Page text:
Master mouthpiece maker François Louis (FL) explains his philosophy, mouthpiece mechanics and the basics of how reed choice effects sounds. Here are some excerpts of M. Louis masterclass. If you are not familiar with him or his pieces then you may be familiar with his sound. Baritonist Ronnie Cuber has played FL mouthpieces for a large part of his career and swears by them. Other great musicians playing his pieces include Jerry Bergonzi, Bob Sheppard, and Joe Lovano. Obviously these great names in the art of saxophone playing could play just about anything they wanted and they chose his mouthpieces. Keep that in mind as he shares his passion.

Choosing your saxophone mouthpiece. François Louis’ master class at Mariachi from dmitry semaev on Vimeo.

Not sure if you want to watch the entire 1 hour video? Here is a sample from the first 7 minutes.

François Louis {FL} on choosing a reed

00:05:39 – FL: “..the reed will be comfortable according to your natural air pressure. There are people who blow with a lot of pressure and they will need a hard reed, and if it’s natural for you to play with little pressure you will comfortable with a soft reed. So it doesn’t make a bigger sound because it’s hard reed. So what I say to have a reed which is comfortable, is that you would just blow naturally, no forcing at all. <blows out> Just relaxing and you should have no sound if you do that in the saxophone. But as soon as you push a little <more intense air puff> you get a sound. That is the perfect balance of resistance that you will control perfectly.

Modern Bari Sax (MBS) interpretation:  The right reed strength is one where upon taking a relaxed breath through the horn creates no sound but when the air stream is intensified slightly creates a sound.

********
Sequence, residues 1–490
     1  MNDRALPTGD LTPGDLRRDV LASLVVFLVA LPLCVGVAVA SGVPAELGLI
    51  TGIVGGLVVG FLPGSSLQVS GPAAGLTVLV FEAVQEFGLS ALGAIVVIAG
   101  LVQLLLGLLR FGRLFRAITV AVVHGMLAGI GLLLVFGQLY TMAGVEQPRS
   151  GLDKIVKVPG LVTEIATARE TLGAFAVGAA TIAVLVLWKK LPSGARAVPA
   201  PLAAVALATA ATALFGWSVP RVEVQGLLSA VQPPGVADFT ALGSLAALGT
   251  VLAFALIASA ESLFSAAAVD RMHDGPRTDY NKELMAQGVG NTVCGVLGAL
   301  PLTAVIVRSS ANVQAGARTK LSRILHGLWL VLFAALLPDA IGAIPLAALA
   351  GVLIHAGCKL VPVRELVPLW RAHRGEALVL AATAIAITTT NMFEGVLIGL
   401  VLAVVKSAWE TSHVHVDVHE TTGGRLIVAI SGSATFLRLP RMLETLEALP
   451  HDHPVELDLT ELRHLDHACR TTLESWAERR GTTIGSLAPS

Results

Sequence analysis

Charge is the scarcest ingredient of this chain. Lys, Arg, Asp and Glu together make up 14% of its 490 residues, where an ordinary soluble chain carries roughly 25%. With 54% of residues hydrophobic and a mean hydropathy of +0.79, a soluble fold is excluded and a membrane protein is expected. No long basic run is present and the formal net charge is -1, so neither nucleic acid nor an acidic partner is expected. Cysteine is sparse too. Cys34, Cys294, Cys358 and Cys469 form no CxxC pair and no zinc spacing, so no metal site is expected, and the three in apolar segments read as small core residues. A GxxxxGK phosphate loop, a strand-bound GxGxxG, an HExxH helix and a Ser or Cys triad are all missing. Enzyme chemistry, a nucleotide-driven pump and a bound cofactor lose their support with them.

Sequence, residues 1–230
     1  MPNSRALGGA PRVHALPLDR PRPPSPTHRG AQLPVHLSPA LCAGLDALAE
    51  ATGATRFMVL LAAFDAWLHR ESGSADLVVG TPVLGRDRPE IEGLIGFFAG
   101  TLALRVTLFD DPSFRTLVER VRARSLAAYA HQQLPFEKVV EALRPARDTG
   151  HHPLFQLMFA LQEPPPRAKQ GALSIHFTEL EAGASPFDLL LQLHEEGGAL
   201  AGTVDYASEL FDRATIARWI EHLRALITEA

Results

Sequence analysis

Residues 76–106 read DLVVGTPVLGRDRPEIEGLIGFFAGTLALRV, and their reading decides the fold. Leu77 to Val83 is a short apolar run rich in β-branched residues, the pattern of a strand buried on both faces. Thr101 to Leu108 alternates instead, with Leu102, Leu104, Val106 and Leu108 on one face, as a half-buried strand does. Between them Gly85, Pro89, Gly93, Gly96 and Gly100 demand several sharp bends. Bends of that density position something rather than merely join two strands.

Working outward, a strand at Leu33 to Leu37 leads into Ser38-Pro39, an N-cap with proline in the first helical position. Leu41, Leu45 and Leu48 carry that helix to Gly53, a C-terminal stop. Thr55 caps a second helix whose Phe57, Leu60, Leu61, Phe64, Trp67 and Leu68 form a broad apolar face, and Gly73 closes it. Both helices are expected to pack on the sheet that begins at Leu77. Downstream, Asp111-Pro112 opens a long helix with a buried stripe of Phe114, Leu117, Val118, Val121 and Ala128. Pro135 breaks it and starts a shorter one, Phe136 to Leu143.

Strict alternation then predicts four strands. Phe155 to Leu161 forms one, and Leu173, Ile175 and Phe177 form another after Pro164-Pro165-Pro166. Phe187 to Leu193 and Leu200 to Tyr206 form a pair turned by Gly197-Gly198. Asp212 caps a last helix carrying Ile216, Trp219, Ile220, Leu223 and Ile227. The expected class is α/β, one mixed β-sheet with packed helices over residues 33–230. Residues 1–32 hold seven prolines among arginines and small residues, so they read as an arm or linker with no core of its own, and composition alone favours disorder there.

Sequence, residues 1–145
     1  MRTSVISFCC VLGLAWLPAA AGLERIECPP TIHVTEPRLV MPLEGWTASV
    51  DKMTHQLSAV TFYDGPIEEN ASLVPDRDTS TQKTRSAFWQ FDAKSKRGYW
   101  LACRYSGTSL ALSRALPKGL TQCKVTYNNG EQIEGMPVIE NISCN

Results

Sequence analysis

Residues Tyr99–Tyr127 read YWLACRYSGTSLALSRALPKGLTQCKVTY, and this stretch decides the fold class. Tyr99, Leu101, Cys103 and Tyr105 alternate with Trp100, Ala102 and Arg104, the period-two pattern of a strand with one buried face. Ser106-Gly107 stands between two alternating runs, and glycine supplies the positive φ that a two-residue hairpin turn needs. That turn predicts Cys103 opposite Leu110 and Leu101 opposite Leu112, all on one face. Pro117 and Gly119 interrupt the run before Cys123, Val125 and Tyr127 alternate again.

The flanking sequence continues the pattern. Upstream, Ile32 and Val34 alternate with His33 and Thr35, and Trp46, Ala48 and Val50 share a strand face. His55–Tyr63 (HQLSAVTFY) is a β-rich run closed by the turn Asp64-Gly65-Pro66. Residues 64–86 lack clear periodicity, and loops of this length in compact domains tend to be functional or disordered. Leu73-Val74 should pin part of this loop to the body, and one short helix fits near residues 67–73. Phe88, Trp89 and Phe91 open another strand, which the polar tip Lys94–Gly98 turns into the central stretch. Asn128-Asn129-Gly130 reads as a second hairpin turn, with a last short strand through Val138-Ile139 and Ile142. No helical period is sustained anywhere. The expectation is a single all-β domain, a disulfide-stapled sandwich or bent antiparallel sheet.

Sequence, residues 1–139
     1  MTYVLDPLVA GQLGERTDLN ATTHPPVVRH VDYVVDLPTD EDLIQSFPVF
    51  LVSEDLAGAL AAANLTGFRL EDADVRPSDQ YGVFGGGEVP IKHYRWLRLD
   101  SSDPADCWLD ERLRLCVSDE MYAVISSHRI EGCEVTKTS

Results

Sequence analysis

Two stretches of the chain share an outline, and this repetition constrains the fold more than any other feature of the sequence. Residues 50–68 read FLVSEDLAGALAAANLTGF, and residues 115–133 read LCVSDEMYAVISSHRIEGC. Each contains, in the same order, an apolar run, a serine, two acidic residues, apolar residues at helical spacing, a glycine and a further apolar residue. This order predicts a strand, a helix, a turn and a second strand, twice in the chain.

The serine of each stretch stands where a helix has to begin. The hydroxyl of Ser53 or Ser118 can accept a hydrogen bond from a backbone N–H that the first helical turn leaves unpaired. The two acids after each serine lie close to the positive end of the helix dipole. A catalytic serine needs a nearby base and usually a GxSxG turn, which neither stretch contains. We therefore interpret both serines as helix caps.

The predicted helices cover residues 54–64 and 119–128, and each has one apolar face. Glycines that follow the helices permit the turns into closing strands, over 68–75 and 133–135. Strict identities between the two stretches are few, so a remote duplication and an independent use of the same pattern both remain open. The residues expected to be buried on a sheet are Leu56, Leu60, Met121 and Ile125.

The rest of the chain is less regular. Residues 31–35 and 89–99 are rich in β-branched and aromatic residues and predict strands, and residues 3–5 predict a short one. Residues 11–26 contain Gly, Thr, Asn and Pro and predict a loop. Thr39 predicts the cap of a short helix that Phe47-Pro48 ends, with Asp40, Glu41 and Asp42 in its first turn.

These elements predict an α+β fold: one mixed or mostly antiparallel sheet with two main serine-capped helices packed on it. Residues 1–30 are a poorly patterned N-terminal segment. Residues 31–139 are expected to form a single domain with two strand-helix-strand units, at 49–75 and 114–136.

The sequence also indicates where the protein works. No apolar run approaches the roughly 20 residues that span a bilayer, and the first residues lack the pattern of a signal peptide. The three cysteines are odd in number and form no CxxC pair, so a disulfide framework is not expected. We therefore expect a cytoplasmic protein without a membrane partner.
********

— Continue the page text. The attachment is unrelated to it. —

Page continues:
FL on ligature placement

00:06:31 – FL: “Put the ligature on the mouthpiece, if you put the ligature on the front of the mouthpiece this distance will be short. <gestures to distance from front edge of ligature to tip of reed> If you put it on the back like Dexter (reference to Dexter Gordon) This point will come to here. <gesturing to diagram>.. And what is the main quality of Dexter Gordon’s sound? A very fat buzz, and its the back of the reed that really hits the beginning of the table. 

MBS:  The ligatures placement along the reed can effect the qualities present in the tone. In the case of Dexter Gordon, his fat buzz was in part due to his placement of the ligature very far from the tip of the reed.

TAKE AWAY: This video is worth watching because if you listen and use some of his knowledge it could help you identify traits you like in your current setup or help you in selecting your next setup.


Messages with Denis DiBlasio

Photo by keisis44, Flickr

I have had the absolute pleasure to exchange messages back and fourth with Denis DiBlasio over the past few months and it is my great pleasure to say he seems to be a quite pleasant person. He has entertained my questions both silly and serious with great humor. I will go on record to say that he was the first baritone saxophonist I had ever heard and enjoyed. I heard him first during his stint with Maynard Ferguson and have been a fan since.  I am a fan of Bruce Johnstone but i don’t have anything by him other than the Maynard Stuff.

What have I learned? Firstly he is still using the Vandoren V16 – B9 with Vandoren Traditional blue box reeds. That would help to explain his full, focused, and warm tone when compared to someone like Gary Smulyan. Secondly he has another recording ini the works but he didn’t give any details. It  is my hope that he will bring in another Bari player like Smulyan or Jason Marshall to have a bit of a dueling thing happening.

That’s the little bit that I have for now but as I learn I will pass it along. By the way if  you haven’t had the chance to listen to his album Where the Jade Buddah Lives, you are missing some fantastic playing and I will be sharing my experience with the album as I continue to digest it.